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Quaker Studies

Abstract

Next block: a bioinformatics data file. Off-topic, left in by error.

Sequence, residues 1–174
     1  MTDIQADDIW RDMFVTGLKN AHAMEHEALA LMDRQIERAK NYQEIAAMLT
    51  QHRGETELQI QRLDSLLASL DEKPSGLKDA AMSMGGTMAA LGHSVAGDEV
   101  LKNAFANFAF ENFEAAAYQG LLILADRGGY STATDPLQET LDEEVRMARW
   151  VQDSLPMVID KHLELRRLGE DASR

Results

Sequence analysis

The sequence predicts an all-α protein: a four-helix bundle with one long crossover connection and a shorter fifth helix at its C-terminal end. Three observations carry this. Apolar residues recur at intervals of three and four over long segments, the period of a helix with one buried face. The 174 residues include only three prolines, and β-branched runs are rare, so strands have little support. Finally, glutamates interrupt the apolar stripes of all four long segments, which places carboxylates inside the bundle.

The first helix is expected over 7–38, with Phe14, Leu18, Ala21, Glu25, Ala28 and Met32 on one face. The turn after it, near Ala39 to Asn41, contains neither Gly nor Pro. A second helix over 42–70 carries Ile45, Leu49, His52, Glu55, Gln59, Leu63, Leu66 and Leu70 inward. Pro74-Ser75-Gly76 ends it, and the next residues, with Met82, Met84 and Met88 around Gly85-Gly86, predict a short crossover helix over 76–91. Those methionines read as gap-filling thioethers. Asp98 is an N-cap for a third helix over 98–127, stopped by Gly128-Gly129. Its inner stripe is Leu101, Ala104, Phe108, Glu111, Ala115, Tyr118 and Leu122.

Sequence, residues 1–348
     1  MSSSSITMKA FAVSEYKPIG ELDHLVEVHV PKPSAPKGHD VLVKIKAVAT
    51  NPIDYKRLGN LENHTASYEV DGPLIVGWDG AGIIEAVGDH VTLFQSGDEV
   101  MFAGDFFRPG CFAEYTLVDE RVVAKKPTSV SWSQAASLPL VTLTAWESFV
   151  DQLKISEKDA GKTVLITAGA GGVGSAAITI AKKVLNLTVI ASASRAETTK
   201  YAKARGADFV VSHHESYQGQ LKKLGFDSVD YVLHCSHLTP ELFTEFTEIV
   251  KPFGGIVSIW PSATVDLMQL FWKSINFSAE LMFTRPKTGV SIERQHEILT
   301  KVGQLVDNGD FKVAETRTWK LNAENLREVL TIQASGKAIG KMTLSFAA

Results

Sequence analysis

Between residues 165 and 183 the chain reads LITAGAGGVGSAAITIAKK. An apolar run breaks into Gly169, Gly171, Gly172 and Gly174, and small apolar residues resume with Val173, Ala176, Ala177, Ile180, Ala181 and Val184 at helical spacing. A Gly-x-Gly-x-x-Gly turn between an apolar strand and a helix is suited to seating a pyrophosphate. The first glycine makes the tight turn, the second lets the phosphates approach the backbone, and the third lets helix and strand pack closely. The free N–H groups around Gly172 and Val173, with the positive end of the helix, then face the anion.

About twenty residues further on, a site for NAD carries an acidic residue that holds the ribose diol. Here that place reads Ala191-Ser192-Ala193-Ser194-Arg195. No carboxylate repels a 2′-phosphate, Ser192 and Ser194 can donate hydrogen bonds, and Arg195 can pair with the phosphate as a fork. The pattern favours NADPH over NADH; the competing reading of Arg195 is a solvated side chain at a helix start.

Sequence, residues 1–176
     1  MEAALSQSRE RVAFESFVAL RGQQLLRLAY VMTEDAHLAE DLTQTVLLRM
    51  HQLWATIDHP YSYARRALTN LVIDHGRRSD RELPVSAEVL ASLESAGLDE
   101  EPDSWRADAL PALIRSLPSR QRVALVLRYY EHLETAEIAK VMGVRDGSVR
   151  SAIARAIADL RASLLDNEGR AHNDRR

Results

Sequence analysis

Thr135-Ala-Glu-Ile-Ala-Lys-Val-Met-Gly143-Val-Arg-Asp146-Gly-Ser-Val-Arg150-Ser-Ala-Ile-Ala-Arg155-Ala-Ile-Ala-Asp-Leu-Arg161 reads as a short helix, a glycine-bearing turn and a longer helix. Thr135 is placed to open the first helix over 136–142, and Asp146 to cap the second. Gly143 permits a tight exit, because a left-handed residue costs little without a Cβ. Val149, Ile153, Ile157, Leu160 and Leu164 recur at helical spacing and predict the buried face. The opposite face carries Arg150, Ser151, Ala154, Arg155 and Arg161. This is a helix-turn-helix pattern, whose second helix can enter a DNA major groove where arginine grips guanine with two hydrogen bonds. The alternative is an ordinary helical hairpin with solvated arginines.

By the second half of the eighteenth century, women ministers had become the principal upholders of the spiritual life of Quakerism in Yorkshire. Drawing on a range of sources including the institutional records of Quaker Meetings, personal correspondence and spiritual journals and autobiographies, this paper aims to shed light on the precise nature of female leadership in the Religious Society of Friends and to contribute to greater understanding of the conditions under which it became dominant. It suggests that the growing tendency for women to outnumber men as ministers was closely linked to wider social and economic trends within contemporary Quakerism, and highlights the importance of family ties and support networks of kinship and friendship in underpinning women's exercise of ministering responsibilities.

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